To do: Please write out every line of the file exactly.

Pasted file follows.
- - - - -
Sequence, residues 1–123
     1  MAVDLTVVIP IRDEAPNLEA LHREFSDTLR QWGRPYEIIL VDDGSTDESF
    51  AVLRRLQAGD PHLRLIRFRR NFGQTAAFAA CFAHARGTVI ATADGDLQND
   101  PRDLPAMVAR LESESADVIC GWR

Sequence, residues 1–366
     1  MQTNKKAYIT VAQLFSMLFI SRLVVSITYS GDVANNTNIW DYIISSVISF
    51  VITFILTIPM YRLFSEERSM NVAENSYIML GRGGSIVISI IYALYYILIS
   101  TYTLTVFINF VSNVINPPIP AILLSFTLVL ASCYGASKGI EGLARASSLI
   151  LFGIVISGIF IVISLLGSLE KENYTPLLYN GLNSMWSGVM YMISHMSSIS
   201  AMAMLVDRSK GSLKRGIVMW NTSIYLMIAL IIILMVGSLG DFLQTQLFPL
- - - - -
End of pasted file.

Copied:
Sequence, residues 1–123
     1  MAVDLTVVIP IRDEAPNLEA LHREFSDTLR QWGRPYEIIL VDDGSTDESF
    51  AVLRRLQAGD PHLRLIRFRR NFGQTAAFAA CFAHARGTVI ATADGDLQND
   101  PRDLPAMVAR LESESADVIC GWR

Sequence, residues 1–366
     1  MQTNKKAYIT VAQLFSMLFI SRLVVSITYS GDVANNTNIW DYIISSVISF
    51  VITFILTIPM YRLFSEERSM NVAENSYIML GRGGSIVISI IYALYYILIS
   101  TYTLTVFINF VSNVINPPIP AILLSFTLVL ASCYGASKGI EGLARASSLI
   151  LFGIVISGIF IVISLLGSLE KENYTPLLYN GLNSMWSGVM YMISHMSSIS
   201  AMAMLVDRSK GSLKRGIVMW NTSIYLMIAL IIILMVGSLG DFLQTQLFPL